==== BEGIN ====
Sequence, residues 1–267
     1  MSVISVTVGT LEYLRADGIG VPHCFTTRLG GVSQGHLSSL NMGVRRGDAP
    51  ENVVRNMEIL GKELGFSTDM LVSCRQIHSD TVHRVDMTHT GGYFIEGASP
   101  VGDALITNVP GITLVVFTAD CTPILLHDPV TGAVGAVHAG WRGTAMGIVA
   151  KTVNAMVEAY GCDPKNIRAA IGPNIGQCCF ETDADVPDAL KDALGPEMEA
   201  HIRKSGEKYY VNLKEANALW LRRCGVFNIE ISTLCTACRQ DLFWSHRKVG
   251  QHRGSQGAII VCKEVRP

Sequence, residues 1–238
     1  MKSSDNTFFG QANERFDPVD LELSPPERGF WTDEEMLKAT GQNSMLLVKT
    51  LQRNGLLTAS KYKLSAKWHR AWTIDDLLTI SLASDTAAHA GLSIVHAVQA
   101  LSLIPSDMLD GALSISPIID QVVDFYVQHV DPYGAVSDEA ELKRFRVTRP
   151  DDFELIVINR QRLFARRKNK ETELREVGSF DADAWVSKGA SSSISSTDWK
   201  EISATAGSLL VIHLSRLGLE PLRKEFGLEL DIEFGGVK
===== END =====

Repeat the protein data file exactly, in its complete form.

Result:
Sequence, residues 1–267
     1  MSVISVTVGT LEYLRADGIG VPHCFTTRLG GVSQGHLSSL NMGVRRGDAP
    51  ENVVRNMEIL GKELGFSTDM LVSCRQIHSD TVHRVDMTHT GGYFIEGASP
   101  VGDALITNVP GITLVVFTAD CTPILLHDPV TGAVGAVHAG WRGTAMGIVA
   151  KTVNAMVEAY GCDPKNIRAA IGPNIGQCCF ETDADVPDAL KDALGPEMEA
   201  HIRKSGEKYY VNLKEANALW LRRCGVFNIE ISTLCTACRQ DLFWSHRKVG
   251  QHRGSQGAII VCKEVRP

Sequence, residues 1–238
     1  MKSSDNTFFG QANERFDPVD LELSPPERGF WTDEEMLKAT GQNSMLLVKT
    51  LQRNGLLTAS KYKLSAKWHR AWTIDDLLTI SLASDTAAHA GLSIVHAVQA
   101  LSLIPSDMLD GALSISPIID QVVDFYVQHV DPYGAVSDEA ELKRFRVTRP
   151  DDFELIVINR QRLFARRKNK ETELREVGSF DADAWVSKGA SSSISSTDWK
   201  EISATAGSLL VIHLSRLGLE PLRKEFGLEL DIEFGGVK